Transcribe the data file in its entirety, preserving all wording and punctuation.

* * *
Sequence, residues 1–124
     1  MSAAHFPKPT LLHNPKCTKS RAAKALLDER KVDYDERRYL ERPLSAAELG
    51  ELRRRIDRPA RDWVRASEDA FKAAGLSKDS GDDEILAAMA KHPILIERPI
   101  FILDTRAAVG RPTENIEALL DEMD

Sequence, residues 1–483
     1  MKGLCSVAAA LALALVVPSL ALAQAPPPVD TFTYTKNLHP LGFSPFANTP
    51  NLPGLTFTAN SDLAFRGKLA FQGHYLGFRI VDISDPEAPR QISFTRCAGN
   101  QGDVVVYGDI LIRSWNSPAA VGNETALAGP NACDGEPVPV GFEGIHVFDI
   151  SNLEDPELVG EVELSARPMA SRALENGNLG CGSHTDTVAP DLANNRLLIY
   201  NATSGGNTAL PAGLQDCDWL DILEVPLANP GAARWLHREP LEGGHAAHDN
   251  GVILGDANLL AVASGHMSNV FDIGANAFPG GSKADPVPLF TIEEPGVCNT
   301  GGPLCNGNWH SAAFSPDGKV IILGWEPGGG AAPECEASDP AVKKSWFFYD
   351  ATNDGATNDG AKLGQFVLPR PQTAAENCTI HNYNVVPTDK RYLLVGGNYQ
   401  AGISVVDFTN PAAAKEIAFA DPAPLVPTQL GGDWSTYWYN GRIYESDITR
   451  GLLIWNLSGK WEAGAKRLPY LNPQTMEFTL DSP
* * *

Sequence, residues 1–124
     1  MSAAHFPKPT LLHNPKCTKS RAAKALLDER KVDYDERRYL ERPLSAAELG
    51  ELRRRIDRPA RDWVRASEDA FKAAGLSKDS GDDEILAAMA KHPILIERPI
   101  FILDTRAAVG RPTENIEALL DEMD

Sequence, residues 1–483
     1  MKGLCSVAAA LALALVVPSL ALAQAPPPVD TFTYTKNLHP LGFSPFANTP
    51  NLPGLTFTAN SDLAFRGKLA FQGHYLGFRI VDISDPEAPR QISFTRCAGN
   101  QGDVVVYGDI LIRSWNSPAA VGNETALAGP NACDGEPVPV GFEGIHVFDI
   151  SNLEDPELVG EVELSARPMA SRALENGNLG CGSHTDTVAP DLANNRLLIY
   201  NATSGGNTAL PAGLQDCDWL DILEVPLANP GAARWLHREP LEGGHAAHDN
   251  GVILGDANLL AVASGHMSNV FDIGANAFPG GSKADPVPLF TIEEPGVCNT
   301  GGPLCNGNWH SAAFSPDGKV IILGWEPGGG AAPECEASDP AVKKSWFFYD
   351  ATNDGATNDG AKLGQFVLPR PQTAAENCTI HNYNVVPTDK RYLLVGGNYQ
   401  AGISVVDFTN PAAAKEIAFA DPAPLVPTQL GGDWSTYWYN GRIYESDITR
   451  GLLIWNLSGK WEAGAKRLPY LNPQTMEFTL DSP